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inasmuch as God is greater than our hearts,' his knowledge is of greater extent than ours, he knoweth all things. But, if our hearts condemn us not,' after close and impartial examination of our conduct, then have we,' with good reason, confidence towards God;' not doubting but that he will freely grant whatsoever we may properly ask of him, so long as we keep his commandments, doing those things that are pleasing in his sight. In discoursing further, it may be proper,

I. To state the nature and quality of a sure conscience, or clear conscience, or what we commonly call a good con- , science.

II. To set forth the advantage and comfort of it.

I. The nature of a sure or clear conscience ought to be first justly stated, lest we should mistake shadow for substance, appearances for realities, presumption and yain confidence for truth and soberness. The Apostle points out the general nature of a good conscience by this mark; that our hearts condemin us not,' and that we know that we are of the truth ;' know it by some certain rule, namely, by this, that we keep God's commandments, doing that which is pleasing in his sight. Here is a rule given, whereby we may first measure our conduct; and if our conduct be found, upon a just examination, to square with that rule, then our consciences are clear, and we may look up with a becoming confidence to God. This is a matter of great weight, and of the last importance: and yet there is no where more room for self-flattery, and self-deceit. It is extremely natural for a person to bring in a verdict in favour of himself, when he has made no examination at all, or a very superficial one, or however not so strict and severe a scrutiny as an affair of such delicacy, and withal of such moment, deserves. A man will often call it acting according to his conscience, when he acts according to his present persuasion, without ever examining how he came by that persuasion ; whether through wrong education, custom, or example; or whether from some secret lust, pride, or prejudice, rather than from the rule of God's written word, or from a principle of right reason. This cannot justly be called keeping a good conscience ; for, we ought not to take up false persuasions at all adventures, and then to make those persuasions our rule of life, instead of that rule which God hath given us to walk by. It may, perhaps, be said, that St. Paul himself has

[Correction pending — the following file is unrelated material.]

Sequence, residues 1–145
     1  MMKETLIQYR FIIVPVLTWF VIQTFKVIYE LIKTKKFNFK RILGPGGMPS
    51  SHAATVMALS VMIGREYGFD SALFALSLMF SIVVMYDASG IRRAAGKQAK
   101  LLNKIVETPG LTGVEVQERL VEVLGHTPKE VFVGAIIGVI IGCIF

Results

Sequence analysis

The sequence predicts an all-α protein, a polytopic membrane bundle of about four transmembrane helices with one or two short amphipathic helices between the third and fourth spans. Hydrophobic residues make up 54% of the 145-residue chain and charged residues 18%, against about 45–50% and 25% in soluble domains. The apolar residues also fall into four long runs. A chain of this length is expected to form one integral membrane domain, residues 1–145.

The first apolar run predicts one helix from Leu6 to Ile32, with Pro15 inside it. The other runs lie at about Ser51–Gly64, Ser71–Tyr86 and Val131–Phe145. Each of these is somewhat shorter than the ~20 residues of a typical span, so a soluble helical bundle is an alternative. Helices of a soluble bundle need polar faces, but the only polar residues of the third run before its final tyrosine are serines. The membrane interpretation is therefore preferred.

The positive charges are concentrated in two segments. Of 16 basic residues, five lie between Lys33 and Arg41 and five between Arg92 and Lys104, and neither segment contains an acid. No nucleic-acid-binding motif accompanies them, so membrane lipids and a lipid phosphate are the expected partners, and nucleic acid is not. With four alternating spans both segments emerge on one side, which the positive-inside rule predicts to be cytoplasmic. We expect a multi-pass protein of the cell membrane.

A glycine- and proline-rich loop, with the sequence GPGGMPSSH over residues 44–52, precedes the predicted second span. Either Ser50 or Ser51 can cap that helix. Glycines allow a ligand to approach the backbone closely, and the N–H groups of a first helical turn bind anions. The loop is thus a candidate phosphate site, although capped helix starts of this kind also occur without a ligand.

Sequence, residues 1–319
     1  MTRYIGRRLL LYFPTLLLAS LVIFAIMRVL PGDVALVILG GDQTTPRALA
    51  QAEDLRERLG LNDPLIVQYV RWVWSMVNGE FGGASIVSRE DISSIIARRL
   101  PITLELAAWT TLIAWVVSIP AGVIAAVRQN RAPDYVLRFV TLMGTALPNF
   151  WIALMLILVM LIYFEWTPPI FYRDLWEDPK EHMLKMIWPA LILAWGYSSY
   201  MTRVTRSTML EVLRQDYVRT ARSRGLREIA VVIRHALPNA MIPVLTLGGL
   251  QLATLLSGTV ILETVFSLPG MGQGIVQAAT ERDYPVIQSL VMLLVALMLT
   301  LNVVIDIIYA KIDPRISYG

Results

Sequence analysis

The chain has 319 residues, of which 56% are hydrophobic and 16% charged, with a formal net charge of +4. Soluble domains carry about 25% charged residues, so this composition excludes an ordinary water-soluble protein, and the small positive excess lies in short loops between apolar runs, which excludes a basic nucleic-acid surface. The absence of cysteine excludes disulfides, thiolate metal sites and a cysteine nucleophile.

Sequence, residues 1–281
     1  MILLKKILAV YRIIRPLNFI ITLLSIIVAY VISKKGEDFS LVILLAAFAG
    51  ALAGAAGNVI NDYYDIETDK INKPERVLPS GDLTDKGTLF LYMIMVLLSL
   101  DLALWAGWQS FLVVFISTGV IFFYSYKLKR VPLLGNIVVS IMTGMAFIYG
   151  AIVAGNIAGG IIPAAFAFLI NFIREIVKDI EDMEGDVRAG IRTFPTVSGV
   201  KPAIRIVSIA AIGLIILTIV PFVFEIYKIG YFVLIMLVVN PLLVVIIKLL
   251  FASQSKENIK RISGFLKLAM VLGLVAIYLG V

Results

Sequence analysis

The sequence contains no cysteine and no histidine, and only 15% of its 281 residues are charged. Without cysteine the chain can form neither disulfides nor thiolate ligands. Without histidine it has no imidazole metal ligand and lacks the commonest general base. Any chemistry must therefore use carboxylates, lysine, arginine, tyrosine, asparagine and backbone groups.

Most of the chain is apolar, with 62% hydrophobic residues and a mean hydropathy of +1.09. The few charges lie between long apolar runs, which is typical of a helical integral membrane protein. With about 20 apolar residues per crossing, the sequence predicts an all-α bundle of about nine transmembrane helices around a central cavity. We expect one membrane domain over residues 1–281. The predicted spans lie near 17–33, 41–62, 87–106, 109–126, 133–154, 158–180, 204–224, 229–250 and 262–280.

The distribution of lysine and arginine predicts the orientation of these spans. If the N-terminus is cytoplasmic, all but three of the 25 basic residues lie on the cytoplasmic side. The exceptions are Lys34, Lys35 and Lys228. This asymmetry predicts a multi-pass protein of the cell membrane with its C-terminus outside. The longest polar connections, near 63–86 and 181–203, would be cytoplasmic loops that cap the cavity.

warranted that way of speaking: for though he had once very wrongfully and grievously, under rash and false persuasion, persecuted the Church of God, yet he scrupled not to say, upon a certain occasion, afterwards, Men and brethren, I have lived in all good conscience before God, until this day.' [Acts xxiii. 1.] But as there is no necessity of construing the words in that large sense, so there are good reasons to persuade us, that St. Paul hath no such meaning. How frequently does he charge himself in his Epistles, as having been a very grievous sinner, yea chief of sinners,' [1 Tim. i. 15], on account of his having once persecuted the Church of God? How then could he modestly pretend, or with truth say, that he had lived in all good conscience, all his life, to that day? At other times, whenever the same Apostle speaks of his having a good conscience, he constantly understood it with a view only to what he had done as a Christian, in his converted state. • Herein,' says he, do I exercise myself, to have always a conscience void of offence toward God and toward men.' [Acts xxiv. 16.) This was said, in the way of answer to the false accusations of the Jews, like as the former, and occurs in the chapter next following: and the words plainly relate only to Christian conversation; not to his former Jewish one. He had lived in all good conscience, with respect to what the Jews had accused him of: for, neither against the law of the Jews, neither against the temple, neither yet against Cæsar, had he offended any thing at all,' [Acts xxv. 8,] from the time of his conversion to Christ. So, St. Paul's phrase of a good conscience did not mean merely the living up to one's persuasion, of whatever kind it were, but living up to a just and well-grounded persuasion of what is consonant to the will of God. If a person acts merely according to his present ill-grounded persuasion, which he never seriously and impartially examined into, he cannot be properly said to maintain a good conscience; because, if he has any self-reflection at all, his conscience must smite him, and his own heart condemn him, for not taking more care to inform himself better. Every person is in duty bound to prove all things, so far as, humanly speaking, in his circumstances, he may, in order both to admit and to hold fast that which is good.' [1 Thess. v. 21.] It is deceiving ourselves to imagine that we have a good conscience, when we have used no reasonable care in examining whether it be a right conscience, a wellgrounded persuasion that we proceed upon, or not.